Here's an interesting piece from the NY Times that takes several views on being a millionaire:
They begin with the "a million dollars isn't what it used to be" argument:
In 1953, when “How to Marry a Millionaire” was in movie theaters, $1 million bought the equivalent of $8.7 million today. Now $1 million won’t even buy an average Manhattan apartment or come remotely close to paying the average salary of an N.B.A. basketball player.
I'm not sure comparing something to an apartment cost in New York or what an NBA player makes for a good argument, but I get what they're saying. Imagine the difference today in having $1 million versus having $8.7 million. Big difference, right?
They go on to admit "while it's not the fortune it used to be, it's more than most people have":
Still, $1 million is more money than 9 in 10 American families possess. It may no longer be a symbol of boundless wealth, but as a retirement nest egg, $1 million is relatively big. It may seem like a lot to live on.
A millionaire household lives in elite territory, even if it no longer seems truly rich. Including a home in the calculations, such a family ranks in the top 10.1 percent of all households in the United States, according to Professor Wolff’s estimates. Excluding the value of a home, a net worth of $1 million puts a household in the top 8.1 percent.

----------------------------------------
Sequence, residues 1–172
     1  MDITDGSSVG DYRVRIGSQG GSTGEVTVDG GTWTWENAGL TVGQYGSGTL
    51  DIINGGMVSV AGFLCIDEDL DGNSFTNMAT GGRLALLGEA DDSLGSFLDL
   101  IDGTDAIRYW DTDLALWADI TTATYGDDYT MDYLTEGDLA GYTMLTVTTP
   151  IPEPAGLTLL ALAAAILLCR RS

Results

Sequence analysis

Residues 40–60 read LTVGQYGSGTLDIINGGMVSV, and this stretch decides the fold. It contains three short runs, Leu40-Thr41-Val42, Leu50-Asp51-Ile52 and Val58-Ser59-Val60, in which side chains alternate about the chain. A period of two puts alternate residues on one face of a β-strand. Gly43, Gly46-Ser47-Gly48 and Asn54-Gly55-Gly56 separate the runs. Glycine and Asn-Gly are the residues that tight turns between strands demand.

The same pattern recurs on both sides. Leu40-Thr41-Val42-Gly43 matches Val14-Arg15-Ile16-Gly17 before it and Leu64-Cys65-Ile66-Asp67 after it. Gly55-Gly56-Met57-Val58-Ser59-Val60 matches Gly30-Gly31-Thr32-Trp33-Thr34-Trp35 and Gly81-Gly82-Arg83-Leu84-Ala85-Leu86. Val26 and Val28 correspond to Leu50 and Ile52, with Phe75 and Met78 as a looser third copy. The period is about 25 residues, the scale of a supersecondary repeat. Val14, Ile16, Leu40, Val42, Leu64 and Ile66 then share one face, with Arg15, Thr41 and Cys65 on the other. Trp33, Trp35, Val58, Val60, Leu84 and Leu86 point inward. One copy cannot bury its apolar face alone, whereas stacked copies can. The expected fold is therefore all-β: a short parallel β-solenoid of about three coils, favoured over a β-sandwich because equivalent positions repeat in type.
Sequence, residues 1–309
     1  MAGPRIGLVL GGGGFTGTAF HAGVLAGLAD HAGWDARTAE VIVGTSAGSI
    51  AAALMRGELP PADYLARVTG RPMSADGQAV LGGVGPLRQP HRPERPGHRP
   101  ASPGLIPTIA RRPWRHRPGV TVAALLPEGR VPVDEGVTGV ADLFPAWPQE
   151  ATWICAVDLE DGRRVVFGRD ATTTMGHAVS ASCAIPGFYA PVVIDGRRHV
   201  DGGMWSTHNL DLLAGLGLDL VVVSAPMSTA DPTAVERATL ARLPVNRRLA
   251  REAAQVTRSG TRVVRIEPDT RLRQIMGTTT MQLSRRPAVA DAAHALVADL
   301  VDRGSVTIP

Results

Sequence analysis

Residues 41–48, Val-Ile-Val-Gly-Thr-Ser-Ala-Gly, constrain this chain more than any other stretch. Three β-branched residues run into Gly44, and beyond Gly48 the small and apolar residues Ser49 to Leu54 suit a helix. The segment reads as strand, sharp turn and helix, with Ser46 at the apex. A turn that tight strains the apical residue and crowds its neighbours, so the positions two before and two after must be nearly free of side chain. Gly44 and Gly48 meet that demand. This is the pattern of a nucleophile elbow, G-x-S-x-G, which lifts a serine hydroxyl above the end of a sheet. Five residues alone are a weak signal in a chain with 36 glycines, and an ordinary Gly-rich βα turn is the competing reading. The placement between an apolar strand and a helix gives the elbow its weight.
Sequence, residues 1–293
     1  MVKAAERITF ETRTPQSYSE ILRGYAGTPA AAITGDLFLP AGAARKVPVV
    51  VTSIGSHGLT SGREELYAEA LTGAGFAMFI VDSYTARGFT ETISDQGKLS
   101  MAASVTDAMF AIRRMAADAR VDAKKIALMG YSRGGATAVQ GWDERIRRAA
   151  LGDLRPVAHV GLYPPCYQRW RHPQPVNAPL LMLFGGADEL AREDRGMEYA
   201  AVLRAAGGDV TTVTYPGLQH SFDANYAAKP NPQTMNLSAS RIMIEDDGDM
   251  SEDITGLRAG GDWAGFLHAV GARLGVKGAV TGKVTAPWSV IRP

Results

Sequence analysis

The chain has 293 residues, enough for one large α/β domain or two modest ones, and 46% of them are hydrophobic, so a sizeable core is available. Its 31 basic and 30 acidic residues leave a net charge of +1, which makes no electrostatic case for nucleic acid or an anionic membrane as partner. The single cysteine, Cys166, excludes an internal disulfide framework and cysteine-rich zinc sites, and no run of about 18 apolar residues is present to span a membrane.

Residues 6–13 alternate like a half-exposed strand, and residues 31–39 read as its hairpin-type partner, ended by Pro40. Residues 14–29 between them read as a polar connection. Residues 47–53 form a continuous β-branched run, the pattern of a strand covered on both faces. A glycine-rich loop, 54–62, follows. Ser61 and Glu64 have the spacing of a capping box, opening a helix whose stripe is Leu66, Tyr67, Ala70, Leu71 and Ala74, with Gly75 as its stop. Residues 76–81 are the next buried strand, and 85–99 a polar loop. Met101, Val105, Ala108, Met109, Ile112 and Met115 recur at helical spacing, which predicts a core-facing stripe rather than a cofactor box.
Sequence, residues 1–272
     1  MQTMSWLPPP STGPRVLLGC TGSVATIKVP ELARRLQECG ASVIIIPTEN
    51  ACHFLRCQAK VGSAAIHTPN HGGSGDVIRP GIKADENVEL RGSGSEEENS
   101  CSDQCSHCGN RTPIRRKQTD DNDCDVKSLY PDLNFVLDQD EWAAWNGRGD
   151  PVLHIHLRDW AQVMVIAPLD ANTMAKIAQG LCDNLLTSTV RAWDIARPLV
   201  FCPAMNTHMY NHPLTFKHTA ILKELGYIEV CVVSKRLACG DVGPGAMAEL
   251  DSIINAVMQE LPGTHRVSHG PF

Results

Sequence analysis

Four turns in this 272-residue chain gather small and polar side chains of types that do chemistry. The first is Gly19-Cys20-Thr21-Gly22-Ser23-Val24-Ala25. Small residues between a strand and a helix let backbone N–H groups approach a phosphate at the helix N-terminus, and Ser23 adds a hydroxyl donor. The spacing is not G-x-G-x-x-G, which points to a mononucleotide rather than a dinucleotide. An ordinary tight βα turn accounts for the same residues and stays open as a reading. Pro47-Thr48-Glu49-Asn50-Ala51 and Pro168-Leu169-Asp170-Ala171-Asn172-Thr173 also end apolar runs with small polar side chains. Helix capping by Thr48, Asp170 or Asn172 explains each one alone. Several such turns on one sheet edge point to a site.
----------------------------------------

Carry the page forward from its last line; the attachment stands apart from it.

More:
The rest of the article notes how $1 million isn't the huge amount it may seem to be when it comes to retirement saving. The summary of their thoughts:
Consider this bleak picture: A typical 65-year-old couple with $1 million in tax-free municipal bonds wants to retire. They plan to withdraw 4 percent of their savings a year — a common, rule-of-thumb drawdown. But under current conditions, if they spend that $40,000 a year, adjusted for inflation, there is a 72 percent probability that they will run through their bond portfolio before they die.
A few thoughts here:
- I think the 4% rule has been de-bunked enough that it's not really reasonable even as a guideline, so I wouldn't put much weight on it. If anything, I think you need to plan to take LESS than 4% out.
- It would be nice to invest in muni-bonds and live off interest during retirement, but you need a whole lot of money to do that. That's why I think most retirees will need to invest in equities (at least to some degree) well into retirement.
- $40k could be supplemented with Social Security and working part-time and get a retiree up to an average income, so it's not the disaster the piece makes it out to be.
The article goes on a bit more, but here's a quote I found especially compelling:
“The bottom line is that people at nearly all levels of the income distribution have undersaved,” Professor Wolff said. “Social Security is going to be a major, and maybe primary, source of income for people, even for some of those close to the top.”
Scary, but true!!!
A couple final thoughts:
- Those who don't save enough will likely have a very poor retirement.
- The best retirement strategy IMO is one where you amass enough assets and then distribute them so that you can live off your savings alone and not spend and principal. This is the retirement plan I'm working on.